By Groctel


2019-01-07 17:13:42 8 Comments

I'm doing some physics homework calculating the total resistance between points A and B and while some circuits are comprehensible, there are two that I can't understand how they work at all.

So, it is my pleasure to present to you these two monstrosities:

The divided square The hellborn triangles of death

How do I approach the crossing resistances in each one? Here's where I am as of writing this post:

The divided square:

  • The two 10k resistances are parallel to each other
  • The 20k and 9k resistances are parallel to each other
  • I don't know what to do with the 5k one

The hellborn triangles of death:

  • The first and last pair of 5k resistances are parallel to each other
  • The bottom center 5k resistance is in series with the previous two couples
  • I don't know what to do with the 15k ones

So, long story short, how should I handle these situations when the resistances are connected by both sides and the circuit looks like the voltage should converge inside them and start burning?

4 comments

@AdvancedNewbie 2019-01-07 23:40:37

I would apply an abritrary voltage and calculate current in each loop using mesh currents. Then R = Vab/I_total. Then the circuit can be as messy as it wants, but it won't really matter. You'll always be able to solve the matrix for unknowns.

@user212727 2019-01-07 20:33:38

The second circuit can be solved easily by perpendicular axis of symmetry.enter image description here

@Acccumulation 2019-01-07 18:18:28

For the top one, you can separate out the $9 k\Omega$ resistor at the top, since it's in series with the rest. Now you have a graph with four nodes and five edges. You can assign the variables $V_1$ through $V_4$ to the nodes, but WLOG you can consider the top node to be 0 and the bottom to be 1, so that leaves just the left and right voltages. You then have currents $I_1$ through $I_5$ through the edges. You can then start applying the circuit laws to these variables: for each edge, the current is equal to change in voltage divided by the resistance. The net current through each edge is zero (if you take current flowing in to be positive and current flowing out to be negative, that is). You'll then get a bunch of equations, and solving them will give the effective resistances.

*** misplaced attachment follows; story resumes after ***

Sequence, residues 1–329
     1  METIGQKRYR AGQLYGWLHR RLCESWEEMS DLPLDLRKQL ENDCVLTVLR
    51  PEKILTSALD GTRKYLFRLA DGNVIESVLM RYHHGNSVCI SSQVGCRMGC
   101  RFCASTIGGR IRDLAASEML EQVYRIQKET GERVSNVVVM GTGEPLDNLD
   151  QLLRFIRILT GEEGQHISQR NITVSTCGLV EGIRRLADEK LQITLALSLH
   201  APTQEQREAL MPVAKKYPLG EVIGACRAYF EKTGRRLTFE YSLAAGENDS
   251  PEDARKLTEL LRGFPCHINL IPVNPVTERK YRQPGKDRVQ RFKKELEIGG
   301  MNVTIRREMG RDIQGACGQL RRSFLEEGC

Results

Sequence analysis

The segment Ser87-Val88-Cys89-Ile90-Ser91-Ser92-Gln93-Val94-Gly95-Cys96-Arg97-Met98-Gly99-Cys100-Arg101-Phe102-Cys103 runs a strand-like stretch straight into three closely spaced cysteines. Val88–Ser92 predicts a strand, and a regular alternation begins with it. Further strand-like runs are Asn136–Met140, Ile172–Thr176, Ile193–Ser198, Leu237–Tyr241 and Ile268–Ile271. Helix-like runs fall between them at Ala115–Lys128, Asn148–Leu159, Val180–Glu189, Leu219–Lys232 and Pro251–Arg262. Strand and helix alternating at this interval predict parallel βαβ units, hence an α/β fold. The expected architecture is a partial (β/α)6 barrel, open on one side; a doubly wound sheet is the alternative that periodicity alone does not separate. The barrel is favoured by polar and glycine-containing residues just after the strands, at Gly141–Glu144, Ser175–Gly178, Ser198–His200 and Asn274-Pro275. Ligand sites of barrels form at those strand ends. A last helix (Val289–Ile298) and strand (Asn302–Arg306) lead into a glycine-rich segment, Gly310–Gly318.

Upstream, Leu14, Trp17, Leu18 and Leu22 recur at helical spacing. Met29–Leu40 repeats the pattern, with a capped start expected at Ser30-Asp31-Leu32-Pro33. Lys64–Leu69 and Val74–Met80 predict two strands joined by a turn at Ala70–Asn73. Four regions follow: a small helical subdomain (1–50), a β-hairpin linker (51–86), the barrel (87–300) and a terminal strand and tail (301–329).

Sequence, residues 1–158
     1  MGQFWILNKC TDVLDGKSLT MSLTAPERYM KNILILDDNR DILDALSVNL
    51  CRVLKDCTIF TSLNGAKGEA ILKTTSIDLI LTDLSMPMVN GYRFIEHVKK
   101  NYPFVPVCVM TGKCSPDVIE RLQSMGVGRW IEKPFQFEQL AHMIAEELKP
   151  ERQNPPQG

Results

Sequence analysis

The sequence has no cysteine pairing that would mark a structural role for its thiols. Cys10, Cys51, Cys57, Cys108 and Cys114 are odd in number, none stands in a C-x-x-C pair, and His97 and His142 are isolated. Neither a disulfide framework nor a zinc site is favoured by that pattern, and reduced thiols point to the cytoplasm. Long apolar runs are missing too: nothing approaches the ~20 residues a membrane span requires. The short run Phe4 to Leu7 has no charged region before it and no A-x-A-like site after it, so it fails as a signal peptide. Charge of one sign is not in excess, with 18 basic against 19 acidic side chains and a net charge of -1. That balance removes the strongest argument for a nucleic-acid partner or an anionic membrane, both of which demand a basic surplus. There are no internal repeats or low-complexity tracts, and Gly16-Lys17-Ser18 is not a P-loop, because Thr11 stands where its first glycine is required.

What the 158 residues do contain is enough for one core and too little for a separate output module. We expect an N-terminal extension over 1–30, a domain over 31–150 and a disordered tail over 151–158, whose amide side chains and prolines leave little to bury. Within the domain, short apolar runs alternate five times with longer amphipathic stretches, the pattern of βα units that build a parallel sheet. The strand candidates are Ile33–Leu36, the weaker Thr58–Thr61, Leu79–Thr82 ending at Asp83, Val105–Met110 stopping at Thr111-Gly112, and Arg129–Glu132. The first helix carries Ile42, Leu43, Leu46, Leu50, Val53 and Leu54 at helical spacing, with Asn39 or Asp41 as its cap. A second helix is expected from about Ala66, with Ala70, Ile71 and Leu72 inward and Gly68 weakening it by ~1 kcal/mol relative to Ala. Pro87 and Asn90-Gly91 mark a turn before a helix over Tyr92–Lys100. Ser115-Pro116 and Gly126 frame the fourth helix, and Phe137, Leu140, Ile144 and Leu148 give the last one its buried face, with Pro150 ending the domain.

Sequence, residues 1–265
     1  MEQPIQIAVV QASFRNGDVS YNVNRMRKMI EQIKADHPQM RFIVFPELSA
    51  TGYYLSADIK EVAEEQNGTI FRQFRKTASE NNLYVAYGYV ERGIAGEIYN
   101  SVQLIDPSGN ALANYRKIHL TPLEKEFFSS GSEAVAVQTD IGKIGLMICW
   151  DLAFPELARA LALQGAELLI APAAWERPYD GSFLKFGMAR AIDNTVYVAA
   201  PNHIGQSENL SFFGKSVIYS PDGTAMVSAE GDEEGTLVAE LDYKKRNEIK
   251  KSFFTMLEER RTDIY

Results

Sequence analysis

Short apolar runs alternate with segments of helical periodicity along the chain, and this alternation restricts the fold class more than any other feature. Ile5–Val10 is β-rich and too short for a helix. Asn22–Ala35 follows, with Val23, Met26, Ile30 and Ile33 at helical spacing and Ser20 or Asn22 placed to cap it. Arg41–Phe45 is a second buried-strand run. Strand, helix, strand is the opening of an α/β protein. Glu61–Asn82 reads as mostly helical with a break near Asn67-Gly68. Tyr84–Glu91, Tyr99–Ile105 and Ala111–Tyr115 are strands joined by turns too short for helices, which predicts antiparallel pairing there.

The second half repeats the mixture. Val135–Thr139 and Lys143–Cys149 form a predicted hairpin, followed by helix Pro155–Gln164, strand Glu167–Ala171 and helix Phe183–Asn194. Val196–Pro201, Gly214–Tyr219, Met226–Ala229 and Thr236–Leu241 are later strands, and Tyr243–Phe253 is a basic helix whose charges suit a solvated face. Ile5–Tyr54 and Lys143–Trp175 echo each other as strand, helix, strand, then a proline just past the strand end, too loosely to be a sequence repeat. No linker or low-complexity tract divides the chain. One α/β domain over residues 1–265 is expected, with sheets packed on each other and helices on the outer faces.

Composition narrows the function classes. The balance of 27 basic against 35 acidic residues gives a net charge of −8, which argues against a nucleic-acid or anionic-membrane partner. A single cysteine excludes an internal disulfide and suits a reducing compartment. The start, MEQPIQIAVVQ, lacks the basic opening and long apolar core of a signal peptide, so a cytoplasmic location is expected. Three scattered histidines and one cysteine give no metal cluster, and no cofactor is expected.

It's probably best to work out what the effective resistances are from basic principles and algebra first, and then try to work through applying Y-Δ to get a sense of how that works.

Also, any symmetry in the diagram should be preserved in the values. The second circuit has left-right symmetries, so the currents should be symmetrical: the two top resistors should have the same currents as each other, the two outsides diagonal resistors should have the same as each other, and the two inside diagonal should have the same as each other. So you can use just four variables to represent the nine different currents.

@Pietro Oliva 2019-01-07 17:25:32

Try then to apply the Y-$\Delta$ tranformations! I am glad you found the light! If you cannot carry calculation drop again here a line and i'll try to work more on the answer!

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